In spite falling global oil prices, members of the Organization of the Petroleum Exporting Countries, OPEC, on Thursday resolved to maintain oil supply at current production quotas.
In the run up to the meeting, declining oil prices fuelled fears that members would decide to intervene in the market by cutting production in an attempt to halt the trend and ensure stability.
OPEC basket of 12 crude, which averaged above $100 per barrel at the beginning of the year, crashed to about $73.47 per barrel on Friday, November 14, triggering concerns among most oil producing countries, including Nigeria, which was forced to unfold a number of austerity measures in an attempt to stem continued slide.
While the trend recorded a marginal improvement to $76.70 per barrel on Monday, it fell again to $74.20 per barrel the following and $73.70 per barrel on Wednesday, a day before the OPEC meeting convened to attempt to find solutions to the crisis.
However, at the end of the 166th meeting of the conference, under the Chairmanship of outgoing President and Libyan Vice-Prime Minister for Corporations, Abdourhman Ataher Al-Ahirish, members resolved to maintain production quotas at the 30 million barrels per day (MBPD) level as agreed in December 2011.
A communique issued at the end of the meeting said after a review of the Secretary General’s report on global oil market outlook, particularly the supply/demand projections for the first, second, third and fourth quarters of 2015, members agreed not to tamper with the production quotas in the interest of restoring market equilibrium.
Giving emphasis on the first half of the year, members also considered forecasts for the world economic outlook, noting the slow and uneven recovery of the global economy, with growth forecast at 3.2 percent for the remaining period of 2014, and 3.6 per cent for 2015.
The communique noted that though world oil demand was forecast to increase during the year 2015, it would be offset by the projected increase of about 1.36 MBPD supply by non-OPEC members to the market.
The group noted that there was no need to raise production quotas as the increase in oil and product stock levels in Organisation of Economic Cooperation and Development (OECD) countries, which are above the five-year average, coupled with the on-going rise in non-OECD supply inventories, were indications of an extremely well-supplied market.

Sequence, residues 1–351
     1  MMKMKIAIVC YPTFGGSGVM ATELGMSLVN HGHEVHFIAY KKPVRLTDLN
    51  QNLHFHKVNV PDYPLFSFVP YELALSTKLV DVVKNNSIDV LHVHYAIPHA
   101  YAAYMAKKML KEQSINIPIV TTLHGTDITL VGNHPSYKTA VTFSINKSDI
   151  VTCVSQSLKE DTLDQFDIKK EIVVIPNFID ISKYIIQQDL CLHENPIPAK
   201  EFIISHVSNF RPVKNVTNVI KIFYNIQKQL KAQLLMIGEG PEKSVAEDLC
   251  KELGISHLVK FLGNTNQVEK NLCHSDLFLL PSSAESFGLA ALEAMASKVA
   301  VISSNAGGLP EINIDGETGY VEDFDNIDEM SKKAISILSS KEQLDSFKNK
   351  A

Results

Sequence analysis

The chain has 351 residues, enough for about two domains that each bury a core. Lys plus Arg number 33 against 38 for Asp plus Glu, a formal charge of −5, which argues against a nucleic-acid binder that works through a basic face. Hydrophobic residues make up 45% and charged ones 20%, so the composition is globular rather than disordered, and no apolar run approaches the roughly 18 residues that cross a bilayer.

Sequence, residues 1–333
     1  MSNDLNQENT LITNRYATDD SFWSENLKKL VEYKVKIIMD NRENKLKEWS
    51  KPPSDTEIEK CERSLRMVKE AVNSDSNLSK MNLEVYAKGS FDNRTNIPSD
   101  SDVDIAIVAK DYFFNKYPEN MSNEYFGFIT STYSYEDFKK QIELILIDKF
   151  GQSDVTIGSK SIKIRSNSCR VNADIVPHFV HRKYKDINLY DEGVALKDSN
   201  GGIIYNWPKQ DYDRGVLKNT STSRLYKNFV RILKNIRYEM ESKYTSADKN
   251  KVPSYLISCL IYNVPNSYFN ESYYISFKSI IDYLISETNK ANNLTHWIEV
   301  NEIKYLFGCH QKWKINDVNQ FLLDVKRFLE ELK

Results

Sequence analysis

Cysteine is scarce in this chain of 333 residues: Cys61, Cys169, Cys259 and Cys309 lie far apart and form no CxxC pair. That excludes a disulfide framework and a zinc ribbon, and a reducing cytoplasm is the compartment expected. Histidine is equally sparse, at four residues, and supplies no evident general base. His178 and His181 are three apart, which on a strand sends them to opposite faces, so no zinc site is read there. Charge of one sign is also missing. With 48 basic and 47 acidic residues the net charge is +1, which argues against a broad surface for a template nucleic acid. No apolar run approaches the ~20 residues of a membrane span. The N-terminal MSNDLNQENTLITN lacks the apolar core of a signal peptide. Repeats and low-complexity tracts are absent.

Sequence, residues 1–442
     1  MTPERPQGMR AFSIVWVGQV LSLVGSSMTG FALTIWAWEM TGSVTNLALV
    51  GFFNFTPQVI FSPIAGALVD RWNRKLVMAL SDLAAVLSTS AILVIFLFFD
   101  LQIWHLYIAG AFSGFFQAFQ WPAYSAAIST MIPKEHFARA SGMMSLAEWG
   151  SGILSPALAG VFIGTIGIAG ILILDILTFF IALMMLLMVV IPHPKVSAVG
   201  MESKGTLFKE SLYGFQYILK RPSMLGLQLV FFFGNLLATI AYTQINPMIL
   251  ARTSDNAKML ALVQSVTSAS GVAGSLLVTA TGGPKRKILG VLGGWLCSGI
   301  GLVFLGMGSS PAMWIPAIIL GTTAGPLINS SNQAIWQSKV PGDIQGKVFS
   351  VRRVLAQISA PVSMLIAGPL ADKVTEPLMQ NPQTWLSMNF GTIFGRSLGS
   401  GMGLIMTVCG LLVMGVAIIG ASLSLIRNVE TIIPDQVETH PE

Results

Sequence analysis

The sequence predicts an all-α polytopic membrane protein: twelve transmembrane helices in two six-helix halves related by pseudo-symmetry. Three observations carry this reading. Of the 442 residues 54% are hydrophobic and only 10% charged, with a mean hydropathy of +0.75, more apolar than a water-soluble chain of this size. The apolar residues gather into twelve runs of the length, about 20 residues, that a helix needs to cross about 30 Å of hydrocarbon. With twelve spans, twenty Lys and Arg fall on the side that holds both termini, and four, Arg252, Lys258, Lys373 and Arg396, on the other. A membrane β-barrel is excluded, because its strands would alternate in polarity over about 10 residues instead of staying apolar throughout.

On concerns over the rapidly declining oil prices in recent months, the Conference agreed that stable oil prices at a level that was not affecting global economic growth, while allowing producers to earn enough income to invest to meet future demand, were vital for world economic wellbeing.
While resolving to leave production at the 2011 levels, members gave their commitment to respond to developments capable of adversely impacting on the maintenance of an orderly and balanced global oil market.
Members who also resolved to be vigilant over market trend given the uncertainties and risks associated with future developments in the world economy, directed the Secretariat to continue to monitor supply and demand, as well as other non-fundamental factors such as speculative activity capacity of impacting price at the market.
Meanwhile, the communique revealed that Head of the Nigerian delegation and Minister of Petroleum Resources, Mrs. Alison-Madueke, who was elected the new President of the OPEC Conference would assume office from January 1, 2015, for one year.
During her tenure, Minister of Energy and Industry of Qatar and Head of its Delegation, Mohammed Bin Saleh Al Sada, was serve as Alternate President, for the same period.
Venezuelan Governor for OPEC, Bernard Mommer, was appointed as Chairman of the Board of Governors for the year 2015, while Ahmed Messili, Algerian Governor for OPEC, would serve as Alternate Chairman for the same period.
The tenure of the Secretary General of the group, Abdalla El-Badri was extended for a further period of six months, until December 31, 2015.
The next ordinary meeting of the group was scheduled for June 5, 2015 in Vienna, Austria, after the OPEC International Seminar on “Petroleum: An Engine for Development.”
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